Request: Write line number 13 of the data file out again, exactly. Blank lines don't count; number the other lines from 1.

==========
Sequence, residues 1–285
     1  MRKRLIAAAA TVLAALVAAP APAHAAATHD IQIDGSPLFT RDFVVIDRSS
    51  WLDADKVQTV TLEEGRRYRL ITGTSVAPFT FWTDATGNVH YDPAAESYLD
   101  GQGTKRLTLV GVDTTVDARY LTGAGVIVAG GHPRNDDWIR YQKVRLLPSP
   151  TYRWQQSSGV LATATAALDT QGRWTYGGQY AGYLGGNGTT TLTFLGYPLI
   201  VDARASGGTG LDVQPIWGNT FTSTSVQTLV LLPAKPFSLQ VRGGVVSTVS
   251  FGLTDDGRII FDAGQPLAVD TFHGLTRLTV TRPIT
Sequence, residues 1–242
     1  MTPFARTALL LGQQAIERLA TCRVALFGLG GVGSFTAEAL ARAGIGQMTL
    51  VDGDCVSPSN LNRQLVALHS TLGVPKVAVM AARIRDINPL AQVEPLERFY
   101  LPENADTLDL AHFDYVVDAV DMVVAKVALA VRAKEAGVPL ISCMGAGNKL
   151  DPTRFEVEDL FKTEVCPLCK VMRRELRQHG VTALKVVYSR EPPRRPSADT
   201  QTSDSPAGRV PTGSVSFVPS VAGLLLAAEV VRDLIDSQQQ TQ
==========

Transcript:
   201  QTSDSPAGRV PTGSVSFVPS VAGLLLAAEV VRDLIDSQQQ TQ